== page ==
#3 Communicate effectively
I genuinely believe that the world would be a better place if we knew how to communicate better. Communication is something essential in our day-to-day. The challenge is higher when working remotely.
I used Slack to talk via text with my team. There, the communication happens in channels. It helps bring the right people together to share ideas, make decisions and get on with the job. We had different channels to talk about different topics.
When we needed to have a more profound talk, we used Zoom as a video conference. Talking via text is good when you don’t need a quick response. However, when you need to enter a more considerable discussion, talking via video is the best option.
We also had a bunch of scheduled meetings. They helped improve our communication. We had a daily meeting that couldn’t last more than 15 minutes. That was our fastest meeting. Everybody should say:
- What they have done the day before;
- What they are going to do today;
- If they need any help from anyone.
This meeting helps create a better commitment to the work. Professionals see others finishing stuff and don’t like to be late. It also helps to solve problems faster. Everybody has a clear opportunity to ask for help instead of waiting days for that.
If you want to have work done, you need to communicate in the best way possible. Information needs to be clear for everyone inside a team.
#4 Manage the environment
Jurgen Appelo wrote that is harder to change people’s behavior. Instead of changing the people themselves, you might want to consider changing the environment. After you do that, you let the people reorganize themselves.
You may think that you need to create a bunch of rules for remote work. But that is not necessary. That will only make things slower at your company.
After months of working with me, I saw many employees buying new stuff for their home offices. Many of them purchased new chairs, new tables, new computers. Some decided to work in coworking spaces.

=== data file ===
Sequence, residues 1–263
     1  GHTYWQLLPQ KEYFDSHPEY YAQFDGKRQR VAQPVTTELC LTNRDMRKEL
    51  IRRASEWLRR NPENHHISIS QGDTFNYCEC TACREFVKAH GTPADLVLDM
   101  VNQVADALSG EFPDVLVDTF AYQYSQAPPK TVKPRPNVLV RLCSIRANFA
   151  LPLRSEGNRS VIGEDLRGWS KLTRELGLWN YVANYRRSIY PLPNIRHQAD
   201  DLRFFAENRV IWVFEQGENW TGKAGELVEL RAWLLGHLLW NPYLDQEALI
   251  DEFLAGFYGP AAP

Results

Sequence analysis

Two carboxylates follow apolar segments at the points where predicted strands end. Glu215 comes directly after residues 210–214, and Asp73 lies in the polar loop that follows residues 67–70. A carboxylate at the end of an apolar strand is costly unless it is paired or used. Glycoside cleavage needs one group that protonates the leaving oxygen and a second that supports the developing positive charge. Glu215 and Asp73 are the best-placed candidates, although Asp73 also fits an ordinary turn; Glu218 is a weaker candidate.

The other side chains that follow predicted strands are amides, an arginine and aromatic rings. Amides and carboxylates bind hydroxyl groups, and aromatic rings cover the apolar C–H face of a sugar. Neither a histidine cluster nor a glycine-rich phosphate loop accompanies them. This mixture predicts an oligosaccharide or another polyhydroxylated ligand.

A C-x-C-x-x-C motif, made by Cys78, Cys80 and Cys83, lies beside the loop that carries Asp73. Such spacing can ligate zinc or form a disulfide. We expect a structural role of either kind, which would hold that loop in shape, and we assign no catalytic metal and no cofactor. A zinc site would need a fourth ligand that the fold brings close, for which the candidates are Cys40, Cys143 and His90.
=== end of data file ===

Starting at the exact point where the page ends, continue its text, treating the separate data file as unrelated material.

They wanted to give their best to my company. I never told them how they should work. They can work any way they want. What I did was to create an environment where they were happy.
You should create environments where people can thrive and be more productive. Let them organize themselves and do their work.
#5 Improve continuously
There is always space for improvement in a team. That’s something that never ends. You need to learn what is and isn’t working in your remote team. You may learn from individual and group feedback.
Through feedback, we grow as we have the opportunity to learn from our mistakes. We’ll keep doing the exact wrong thing if we believe it’s right. People learn faster when giving and receiving feedback is common. That allows them to improve their performance at work.
I had an individual formal monthly conversation with every employee. However, I didn’t wait for this meeting to give any critical feedback. I couldn’t wait days or weeks to share something that could improve my employees’ performance.
We also had a bi-weekly meeting to learn how we could improve as a team. We started talking about the work we have been doing for the past two weeks. People could share with everyone what they have finished. That allowed everybody to see how things were progressing.
We also had a moment to praise others. We used our company values to illustrate what we meant. That helped us create a more integrated team.
In the end, we talked about our feelings related to the last two weeks. The goal was to try to reduce the negative things said and maximize the positive ones. That was an amazing opportunity to learn with the team what was and wasn’t working.
As a leader, you should help to improve the performance of your remote team constantly.
Every semester I brought my whole company to a specific place. It was my chance to meet for the first time most of the people that I’ve been working with for the past couple of months.
Coordinating many people’s work in many places will scramble your instincts. It will stretch your skills. It doesn’t matter if you’re a veteran team leader or new to the role. Successful leaders make the most of these challenges. They:
- Get the right people on the team
- Get to work
- Communicate effectively
- Manage the environment
- Improve continuously